(INDIANAPOLIS) – Attorney General Curtis Hill today praised a federal appeals court’s decision to vacate an injunction that had invalidated Indiana’s criminalization of smokable hemp.
In a ruling issued this week, the U.S. Court of Appeals for the Seventh Circuit said the injunction was too broad and remanded the case back to the U.S. District Court for the Southern District of Indiana for further proceedings.
“We are pleased that the appeals court upheld Indiana’s criminal prohibition on the manufacture and possession of smokable hemp,” Attorney General Hill said. “The court has rightly recognized Indiana’s authority to enforce this law.”
The Indiana General Assembly in 2019 passed Senate Enrolled Act 516, which legalized the commercial production of hemp in Indiana and set up a regulatory framework for the state’s hemp industry. The law also criminalized the possession, delivery and manufacture of smokable hemp. It said that any “person who knowingly or intentionally manufactures, finances the manufacture of, delivers, finances the delivery of, or possesses smokable hemp… commits dealing in smokable hemp, a Class A misdemeanor.”
The General Assembly amended this provision this year to clarify that it does “not apply to the shipment of smokable hemp from a licensed producer in another state in continuous transit through Indiana to a licensed handler in any state”.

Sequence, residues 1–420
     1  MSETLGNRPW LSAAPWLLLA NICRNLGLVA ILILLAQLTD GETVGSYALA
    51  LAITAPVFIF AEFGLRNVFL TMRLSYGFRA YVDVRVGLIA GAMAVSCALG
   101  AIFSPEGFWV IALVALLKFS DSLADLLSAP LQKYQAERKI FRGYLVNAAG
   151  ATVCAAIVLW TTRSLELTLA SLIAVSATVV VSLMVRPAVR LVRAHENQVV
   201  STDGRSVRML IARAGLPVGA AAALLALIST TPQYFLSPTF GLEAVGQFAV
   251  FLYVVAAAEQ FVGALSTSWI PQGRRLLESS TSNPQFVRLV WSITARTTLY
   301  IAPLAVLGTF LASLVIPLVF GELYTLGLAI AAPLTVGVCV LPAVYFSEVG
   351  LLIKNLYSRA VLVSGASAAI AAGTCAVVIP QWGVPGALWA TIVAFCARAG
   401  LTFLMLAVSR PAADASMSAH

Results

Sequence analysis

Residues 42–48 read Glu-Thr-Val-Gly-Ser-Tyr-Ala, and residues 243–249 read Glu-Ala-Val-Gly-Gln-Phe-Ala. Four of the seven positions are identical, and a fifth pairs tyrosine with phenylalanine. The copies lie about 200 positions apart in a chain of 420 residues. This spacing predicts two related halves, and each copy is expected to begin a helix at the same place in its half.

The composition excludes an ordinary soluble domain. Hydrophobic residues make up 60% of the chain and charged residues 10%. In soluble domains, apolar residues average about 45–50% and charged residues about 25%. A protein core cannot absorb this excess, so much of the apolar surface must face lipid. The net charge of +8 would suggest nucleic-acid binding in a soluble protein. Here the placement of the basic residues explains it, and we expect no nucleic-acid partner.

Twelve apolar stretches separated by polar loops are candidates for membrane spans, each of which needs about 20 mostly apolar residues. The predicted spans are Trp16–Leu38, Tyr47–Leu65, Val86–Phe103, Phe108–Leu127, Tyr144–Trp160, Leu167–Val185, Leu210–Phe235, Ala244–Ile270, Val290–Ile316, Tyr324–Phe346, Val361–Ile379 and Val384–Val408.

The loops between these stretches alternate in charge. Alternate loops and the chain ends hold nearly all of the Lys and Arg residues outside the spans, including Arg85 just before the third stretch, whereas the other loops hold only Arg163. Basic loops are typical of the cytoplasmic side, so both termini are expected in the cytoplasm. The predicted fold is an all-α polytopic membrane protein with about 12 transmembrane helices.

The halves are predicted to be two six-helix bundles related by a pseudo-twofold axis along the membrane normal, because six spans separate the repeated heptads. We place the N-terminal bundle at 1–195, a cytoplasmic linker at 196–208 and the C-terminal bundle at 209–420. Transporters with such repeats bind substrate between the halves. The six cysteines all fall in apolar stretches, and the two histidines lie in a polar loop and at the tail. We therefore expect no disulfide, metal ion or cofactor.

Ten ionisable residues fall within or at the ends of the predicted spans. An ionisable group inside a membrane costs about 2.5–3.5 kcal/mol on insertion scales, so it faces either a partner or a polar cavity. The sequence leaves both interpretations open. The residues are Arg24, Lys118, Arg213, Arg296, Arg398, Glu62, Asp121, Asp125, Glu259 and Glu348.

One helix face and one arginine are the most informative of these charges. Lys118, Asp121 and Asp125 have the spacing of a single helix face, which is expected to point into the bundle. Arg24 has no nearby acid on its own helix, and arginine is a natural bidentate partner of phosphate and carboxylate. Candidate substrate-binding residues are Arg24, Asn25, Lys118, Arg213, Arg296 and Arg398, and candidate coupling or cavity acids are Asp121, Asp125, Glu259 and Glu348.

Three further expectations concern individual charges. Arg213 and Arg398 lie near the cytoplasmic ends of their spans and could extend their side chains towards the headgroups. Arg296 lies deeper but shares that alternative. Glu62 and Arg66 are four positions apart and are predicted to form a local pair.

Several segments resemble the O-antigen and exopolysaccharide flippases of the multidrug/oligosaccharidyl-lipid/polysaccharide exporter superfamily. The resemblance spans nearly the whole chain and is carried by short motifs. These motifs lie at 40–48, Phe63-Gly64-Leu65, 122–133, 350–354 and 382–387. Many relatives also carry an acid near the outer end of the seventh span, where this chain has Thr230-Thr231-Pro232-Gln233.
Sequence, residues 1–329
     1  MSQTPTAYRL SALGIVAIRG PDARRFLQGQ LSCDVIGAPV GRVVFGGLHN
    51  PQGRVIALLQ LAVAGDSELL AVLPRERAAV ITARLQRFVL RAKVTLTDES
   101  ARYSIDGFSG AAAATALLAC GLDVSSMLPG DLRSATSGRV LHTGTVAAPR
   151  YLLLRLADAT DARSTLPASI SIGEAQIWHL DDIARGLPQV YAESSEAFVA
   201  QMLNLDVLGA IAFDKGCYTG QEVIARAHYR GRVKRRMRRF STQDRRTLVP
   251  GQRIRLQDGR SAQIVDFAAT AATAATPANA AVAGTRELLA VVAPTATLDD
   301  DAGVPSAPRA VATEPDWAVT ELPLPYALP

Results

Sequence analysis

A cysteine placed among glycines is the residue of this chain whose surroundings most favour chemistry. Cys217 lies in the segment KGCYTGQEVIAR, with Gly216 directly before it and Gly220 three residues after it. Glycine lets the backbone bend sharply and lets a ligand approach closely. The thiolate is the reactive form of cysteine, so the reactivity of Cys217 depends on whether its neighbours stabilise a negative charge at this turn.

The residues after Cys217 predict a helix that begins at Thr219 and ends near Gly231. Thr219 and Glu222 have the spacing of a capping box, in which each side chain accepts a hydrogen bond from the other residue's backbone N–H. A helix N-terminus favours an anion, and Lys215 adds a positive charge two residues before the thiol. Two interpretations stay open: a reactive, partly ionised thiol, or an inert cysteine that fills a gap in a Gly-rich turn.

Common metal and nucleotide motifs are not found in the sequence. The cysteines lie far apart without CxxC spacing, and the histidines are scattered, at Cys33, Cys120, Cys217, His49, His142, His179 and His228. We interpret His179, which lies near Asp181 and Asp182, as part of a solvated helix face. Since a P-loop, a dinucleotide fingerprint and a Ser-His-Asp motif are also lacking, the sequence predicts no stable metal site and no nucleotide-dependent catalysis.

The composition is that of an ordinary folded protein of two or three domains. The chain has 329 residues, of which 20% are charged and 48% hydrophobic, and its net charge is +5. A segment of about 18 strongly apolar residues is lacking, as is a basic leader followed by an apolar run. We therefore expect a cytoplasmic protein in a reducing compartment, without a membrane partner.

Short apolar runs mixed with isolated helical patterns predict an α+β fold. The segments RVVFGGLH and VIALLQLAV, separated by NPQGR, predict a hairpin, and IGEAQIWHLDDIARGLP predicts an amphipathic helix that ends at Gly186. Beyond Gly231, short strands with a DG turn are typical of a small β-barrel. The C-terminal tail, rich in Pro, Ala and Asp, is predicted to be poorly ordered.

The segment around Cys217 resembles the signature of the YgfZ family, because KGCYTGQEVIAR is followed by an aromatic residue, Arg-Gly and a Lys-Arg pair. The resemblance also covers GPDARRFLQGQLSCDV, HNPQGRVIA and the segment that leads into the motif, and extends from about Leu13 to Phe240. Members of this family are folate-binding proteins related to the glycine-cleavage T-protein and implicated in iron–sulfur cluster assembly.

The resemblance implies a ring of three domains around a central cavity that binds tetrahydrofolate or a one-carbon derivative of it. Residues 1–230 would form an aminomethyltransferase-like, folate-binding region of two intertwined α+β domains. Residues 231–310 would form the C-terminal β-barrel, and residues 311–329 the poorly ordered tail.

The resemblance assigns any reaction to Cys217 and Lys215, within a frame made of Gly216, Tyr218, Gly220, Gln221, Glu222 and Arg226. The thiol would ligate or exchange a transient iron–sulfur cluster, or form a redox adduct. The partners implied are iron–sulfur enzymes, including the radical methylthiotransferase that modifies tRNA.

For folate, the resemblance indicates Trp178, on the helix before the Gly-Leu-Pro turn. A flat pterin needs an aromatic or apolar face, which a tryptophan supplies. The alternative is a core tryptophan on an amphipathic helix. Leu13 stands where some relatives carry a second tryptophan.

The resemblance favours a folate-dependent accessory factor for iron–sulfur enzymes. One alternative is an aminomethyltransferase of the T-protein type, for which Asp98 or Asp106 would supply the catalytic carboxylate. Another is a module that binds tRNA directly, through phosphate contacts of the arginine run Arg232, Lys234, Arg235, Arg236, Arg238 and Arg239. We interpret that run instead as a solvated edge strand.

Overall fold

A group of Indiana-based hemp sellers and wholesalers sued the state days before Senate Enrolled Act 516 was to go into effect, arguing that the law’s prohibition on the possession and delivery of smokable hemp was preempted by the 2018 Farm Bill, which legalized hemp at the federal level and says states must allow all forms of industrial hemp to be transported through their jurisdictions.
The district court sided with the plaintiffs and issued the injunction.
In its ruling, however, the federal appeals court said the 2018 Farm Bill preempts Indiana law only to the extent that it prohibits the interstate transportation of hemp. The appeals court ruled that the district court was therefore wrong to invalidate portions of Indiana’s law that criminalize more than just interstate transportation.
“(The district court) did so without any explanation of why that breadth was necessary,” the ruling reads.
The appeals court also noted that while the 2018 Farm Bill legalizes industrial hemp on the federal level, it expressly permits states to adopt rules regarding industrial hemp production that are more stringent than the federal rules.
“We see nothing in the 2018 Farm Law that supports the inference that Congress was demanding that states legalize industrial hemp,” the court concluded.
The appeals court’s ruling is attached.